Christmas every day?
Well I wish it could be Christmas every day
When the kids start singing and the band begins to play.
Oh I wish it could be Christmas every day
So let the bells ring out for Christmas.
When it was originally released in 1973, ‘I wish it could be Christmas every day’ stormed to the top of the charts. It has been a perennial favourite ever since. Written and performed by Wizard’s lead singer Roy Wood, the song is resurrected annually and repeated endlessly in the lead-up to Christmas. It has been voted the nation’s most popular Christmas song.
In spite of the catchy tune and the memorable lyrics, it is hard to imagine that any of us actually agree with Roy Wood! For some the stress associated with Christmas – decorating the home, shopping for presents, over-excited kids, and cooking the Christmas dinner – means they’re glad to see the back of it. Who on earth would want to celebrate Christmas every day?
Well, Andy Park – a milkman turned electrician from Wiltshire – has done just that for the last twelve and a half years. During that time this festive fanatic has consumed 4478 turkeys, 26,280 roast potatoes, 30,660 stuffing balls, 109,500 sprouts, 87,600 mince pies and 4478 Christmas puddings!
He begins each day at 7.45am with a four-mince-pie breakfast followed by a present opening session. ‘I buy all my own presents’, Andy confesses, ‘so I can give myself exactly what I want’.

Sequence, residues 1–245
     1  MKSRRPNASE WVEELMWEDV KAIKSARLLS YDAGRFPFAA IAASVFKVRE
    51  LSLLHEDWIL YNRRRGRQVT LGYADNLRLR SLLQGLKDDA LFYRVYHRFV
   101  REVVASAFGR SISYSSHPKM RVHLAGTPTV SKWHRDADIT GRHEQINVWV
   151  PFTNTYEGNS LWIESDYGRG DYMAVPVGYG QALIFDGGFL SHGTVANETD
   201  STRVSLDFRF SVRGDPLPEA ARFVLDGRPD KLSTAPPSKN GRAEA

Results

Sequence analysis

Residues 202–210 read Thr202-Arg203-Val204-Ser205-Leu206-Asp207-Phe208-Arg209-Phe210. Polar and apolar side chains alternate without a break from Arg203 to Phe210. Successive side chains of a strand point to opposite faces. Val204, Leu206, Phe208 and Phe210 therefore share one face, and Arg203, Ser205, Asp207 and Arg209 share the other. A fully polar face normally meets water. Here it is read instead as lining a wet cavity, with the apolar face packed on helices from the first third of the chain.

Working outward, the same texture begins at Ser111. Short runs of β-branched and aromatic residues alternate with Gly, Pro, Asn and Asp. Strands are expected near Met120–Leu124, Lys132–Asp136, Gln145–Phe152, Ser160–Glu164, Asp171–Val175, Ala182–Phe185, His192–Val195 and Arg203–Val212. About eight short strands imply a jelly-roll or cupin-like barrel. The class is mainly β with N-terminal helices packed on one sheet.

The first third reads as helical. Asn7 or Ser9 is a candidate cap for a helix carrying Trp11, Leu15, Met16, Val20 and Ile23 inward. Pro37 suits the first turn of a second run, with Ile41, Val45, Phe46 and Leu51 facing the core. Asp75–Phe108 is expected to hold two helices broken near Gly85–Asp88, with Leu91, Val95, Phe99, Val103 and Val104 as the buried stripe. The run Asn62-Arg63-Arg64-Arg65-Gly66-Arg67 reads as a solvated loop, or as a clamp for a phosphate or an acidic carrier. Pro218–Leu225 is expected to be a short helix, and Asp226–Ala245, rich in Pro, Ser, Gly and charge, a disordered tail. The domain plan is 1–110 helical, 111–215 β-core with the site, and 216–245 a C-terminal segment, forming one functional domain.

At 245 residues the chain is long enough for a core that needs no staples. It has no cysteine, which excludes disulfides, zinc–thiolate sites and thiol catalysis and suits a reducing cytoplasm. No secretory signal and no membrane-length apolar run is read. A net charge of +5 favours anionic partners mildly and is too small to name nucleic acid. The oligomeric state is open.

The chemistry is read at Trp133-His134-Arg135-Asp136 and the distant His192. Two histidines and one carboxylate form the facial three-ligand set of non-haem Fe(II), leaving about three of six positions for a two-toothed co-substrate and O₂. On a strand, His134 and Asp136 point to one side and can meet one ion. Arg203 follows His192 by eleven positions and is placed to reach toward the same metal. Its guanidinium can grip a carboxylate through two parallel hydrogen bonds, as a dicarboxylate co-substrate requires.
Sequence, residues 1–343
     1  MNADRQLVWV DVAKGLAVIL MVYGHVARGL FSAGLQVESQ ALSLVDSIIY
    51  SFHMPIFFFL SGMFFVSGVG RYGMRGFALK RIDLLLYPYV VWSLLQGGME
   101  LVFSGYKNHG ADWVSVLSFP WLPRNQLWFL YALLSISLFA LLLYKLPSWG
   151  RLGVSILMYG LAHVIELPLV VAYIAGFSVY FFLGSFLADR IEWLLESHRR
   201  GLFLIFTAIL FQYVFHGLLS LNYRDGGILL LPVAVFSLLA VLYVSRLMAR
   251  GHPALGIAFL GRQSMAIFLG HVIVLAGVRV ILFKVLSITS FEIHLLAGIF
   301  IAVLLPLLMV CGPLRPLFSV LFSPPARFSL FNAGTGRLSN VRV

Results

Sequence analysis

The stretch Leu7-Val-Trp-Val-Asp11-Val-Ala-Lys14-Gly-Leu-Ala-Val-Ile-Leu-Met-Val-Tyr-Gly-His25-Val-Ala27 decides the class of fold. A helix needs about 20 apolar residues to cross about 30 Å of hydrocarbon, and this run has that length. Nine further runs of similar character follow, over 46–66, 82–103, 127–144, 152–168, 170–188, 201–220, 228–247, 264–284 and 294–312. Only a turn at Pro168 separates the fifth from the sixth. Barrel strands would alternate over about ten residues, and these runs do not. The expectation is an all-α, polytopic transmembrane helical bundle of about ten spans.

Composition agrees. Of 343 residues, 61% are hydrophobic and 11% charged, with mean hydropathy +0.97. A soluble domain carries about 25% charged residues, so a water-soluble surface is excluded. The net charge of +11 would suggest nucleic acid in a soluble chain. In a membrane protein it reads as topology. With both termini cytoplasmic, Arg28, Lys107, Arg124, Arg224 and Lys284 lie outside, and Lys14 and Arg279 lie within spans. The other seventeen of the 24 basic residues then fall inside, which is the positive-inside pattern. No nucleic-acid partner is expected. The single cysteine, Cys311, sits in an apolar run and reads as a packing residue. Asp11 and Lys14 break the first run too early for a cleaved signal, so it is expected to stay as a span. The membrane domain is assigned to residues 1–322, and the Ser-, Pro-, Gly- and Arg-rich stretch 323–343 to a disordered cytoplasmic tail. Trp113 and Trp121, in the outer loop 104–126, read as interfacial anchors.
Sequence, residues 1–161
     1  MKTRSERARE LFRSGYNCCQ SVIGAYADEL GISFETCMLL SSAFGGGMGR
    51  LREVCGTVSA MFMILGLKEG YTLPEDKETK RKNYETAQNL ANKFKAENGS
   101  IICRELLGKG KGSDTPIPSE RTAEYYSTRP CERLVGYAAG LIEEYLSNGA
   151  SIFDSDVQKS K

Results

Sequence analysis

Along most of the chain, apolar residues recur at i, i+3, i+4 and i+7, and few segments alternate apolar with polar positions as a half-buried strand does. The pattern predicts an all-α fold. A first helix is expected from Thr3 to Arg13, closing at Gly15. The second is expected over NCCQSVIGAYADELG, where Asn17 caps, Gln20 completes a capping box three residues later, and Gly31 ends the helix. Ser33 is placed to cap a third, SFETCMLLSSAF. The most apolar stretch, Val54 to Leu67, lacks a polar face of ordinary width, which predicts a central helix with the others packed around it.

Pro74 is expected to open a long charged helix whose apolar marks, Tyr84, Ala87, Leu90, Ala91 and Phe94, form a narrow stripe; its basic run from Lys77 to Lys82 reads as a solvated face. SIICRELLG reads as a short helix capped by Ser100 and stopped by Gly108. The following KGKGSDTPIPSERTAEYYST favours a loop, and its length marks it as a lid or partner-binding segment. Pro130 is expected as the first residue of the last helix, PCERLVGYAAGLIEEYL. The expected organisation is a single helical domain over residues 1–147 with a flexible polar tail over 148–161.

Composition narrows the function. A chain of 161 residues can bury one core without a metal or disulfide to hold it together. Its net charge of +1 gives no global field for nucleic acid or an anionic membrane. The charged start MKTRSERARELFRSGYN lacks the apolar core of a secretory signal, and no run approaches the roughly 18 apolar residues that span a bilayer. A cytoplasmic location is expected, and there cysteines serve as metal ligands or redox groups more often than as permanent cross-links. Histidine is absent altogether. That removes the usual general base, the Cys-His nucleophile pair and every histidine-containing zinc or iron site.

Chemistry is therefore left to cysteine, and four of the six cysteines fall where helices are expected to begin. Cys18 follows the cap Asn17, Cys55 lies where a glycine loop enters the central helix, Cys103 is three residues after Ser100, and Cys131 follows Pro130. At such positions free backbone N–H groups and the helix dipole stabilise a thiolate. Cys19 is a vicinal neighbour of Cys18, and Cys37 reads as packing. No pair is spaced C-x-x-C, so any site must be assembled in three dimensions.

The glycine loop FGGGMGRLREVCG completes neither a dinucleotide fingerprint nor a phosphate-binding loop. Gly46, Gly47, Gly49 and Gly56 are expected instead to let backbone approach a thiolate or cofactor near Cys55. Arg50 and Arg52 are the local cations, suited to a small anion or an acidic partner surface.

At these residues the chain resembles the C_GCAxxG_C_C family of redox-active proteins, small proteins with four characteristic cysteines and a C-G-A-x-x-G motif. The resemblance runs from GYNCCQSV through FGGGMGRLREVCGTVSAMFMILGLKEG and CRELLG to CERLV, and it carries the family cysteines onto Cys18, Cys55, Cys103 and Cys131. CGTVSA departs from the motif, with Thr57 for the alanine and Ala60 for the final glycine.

He gets through 40 crackers a day. His favourite cracker joke? ‘A man walks into a bar and says “Ouch”; it always makes me laugh’ he says. Each Christmas he records the Queen’s speech and watches it every day for the rest of the year at exactly 3.00pm.
He estimates that celebrating Christmas every day has cost him £250,000 in decorations, food, presents and party poppers. His wife divorced him some years ago and his only daughter, Caz, no longer speaks to him about his obsession. Sad to say, Roy Wood’s wish for ‘Christmas every day’ has its drawbacks, even for those eccentric enough to try it.
But is Christmas really about tinsel and toys, sprouts and surprises, presents and parties? Does it not mean more than that? Is it not a time to celebrate the coming of Jesus into the world?
Why Christ came
Yes, it is a time to remember that the Son of God clothed himself in our humanity to die on a cross at Calvary – a Man bearing the sins of men. He did so that all who trust him for salvation might escape the judgement they deserve – and he rose again from the dead to prove that his mission was accomplished.
Rather than concentrating on the festivities should we not reflect more on the love that motivated Jesus Christ to come among us, and seek to understand what his coming can mean to us personally?
If we really grasped the significance of these things, the wonder of Christmas would indeed be with us every day.